FIG. 12 is a flow diagram that represents the processing steps followed by the camera controller of the preferred embodiment in controlling the actuation of the moveable release pins. At the start of the release pin actuation determining process, the controller checks to see if the film movement to be initiated by a pressing of the shutter button will result in a change to the film exposure status, as indicated by the decision box numbered 202. If the film movement will not result in a change to the film exposure status, then the controller does not need to move any release pins, as indicated by the flow diagram box numbered 204. The controller processing then moves the film, as indicated by the flow diagram box numbered 206, and continues (at box 207) to await the next shutter button activation and start the checking for a film status change at the decision box numbered 202.
If the film movement will result in a change to the film exposure status, an affirmative outcome at the decision box numbered 202, then the controller will next determine what the new film status is, as indicated by the flow diagram box numbered 208. For example, as described above, when the camera receives a fresh cassette, this step comprises determining whether the status upon loading will change from "unexposed film" to "partially exposed film" or "fully exposed film". The new status will depend on the MRI or non-MRI capability of the camera and on the tab changing scheme employed.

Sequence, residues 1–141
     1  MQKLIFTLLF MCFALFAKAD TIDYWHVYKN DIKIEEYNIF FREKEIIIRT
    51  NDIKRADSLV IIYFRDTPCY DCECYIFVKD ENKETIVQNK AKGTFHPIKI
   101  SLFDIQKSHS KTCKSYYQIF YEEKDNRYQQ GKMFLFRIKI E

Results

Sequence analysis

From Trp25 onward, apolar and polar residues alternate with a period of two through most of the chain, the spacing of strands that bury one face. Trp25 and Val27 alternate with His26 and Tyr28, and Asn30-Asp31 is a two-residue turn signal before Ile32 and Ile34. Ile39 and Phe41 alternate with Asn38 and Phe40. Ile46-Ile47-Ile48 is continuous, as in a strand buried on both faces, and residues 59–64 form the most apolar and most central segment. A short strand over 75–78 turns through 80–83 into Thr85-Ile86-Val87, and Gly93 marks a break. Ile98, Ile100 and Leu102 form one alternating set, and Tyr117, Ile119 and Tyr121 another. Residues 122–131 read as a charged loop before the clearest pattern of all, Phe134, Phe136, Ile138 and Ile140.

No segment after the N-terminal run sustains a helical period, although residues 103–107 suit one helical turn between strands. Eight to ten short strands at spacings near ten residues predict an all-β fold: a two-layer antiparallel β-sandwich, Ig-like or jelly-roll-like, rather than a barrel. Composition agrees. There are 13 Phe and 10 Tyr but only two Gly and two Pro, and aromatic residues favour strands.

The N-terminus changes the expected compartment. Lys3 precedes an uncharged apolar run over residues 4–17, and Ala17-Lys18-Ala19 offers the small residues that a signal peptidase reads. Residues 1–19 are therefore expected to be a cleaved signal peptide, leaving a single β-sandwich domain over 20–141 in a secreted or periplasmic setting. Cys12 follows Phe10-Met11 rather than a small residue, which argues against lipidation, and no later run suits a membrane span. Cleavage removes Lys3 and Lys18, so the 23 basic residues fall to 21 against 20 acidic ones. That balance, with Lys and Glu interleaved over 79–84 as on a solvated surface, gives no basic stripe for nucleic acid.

If the camera receives a cassette with a "partially exposed film" status, this step (flow diagram box 208) comprises the camera determining the next available unused frame and advancing the film to that predetermined point. The camera will then determine if the status will change from partially exposed to fully exposed or will remain unchanged, in accordance with the number of frames remaining in the cassette. Generally, the status determination occurs upon pressing of the shutter button. Thus, at the last frame of a film cassette, it might be necessary to move the film forward sufficiently to change the indicated status from "partially exposed film" to "fully exposed film", in accordance with the tab changing scheme.
After the new film status is determined, the film controller will cause the release pin for the current status to be extended, as represented by the flow diagram box numbered 210. This action permits the indicator tab to engage the next (appropriate) film status window. It should be understood that the movable release pins can be biased to remain extended at all times or can be biased to remain retracted, as desired. Solenoid actuation, for example, could provide the pin action that permits indicator tab movement. The processed film icon 28d will never be used by a camera and therefore the release pin corresponding to the processed film window can, if desired, be provided with a spring loading so that it always is extended into the window.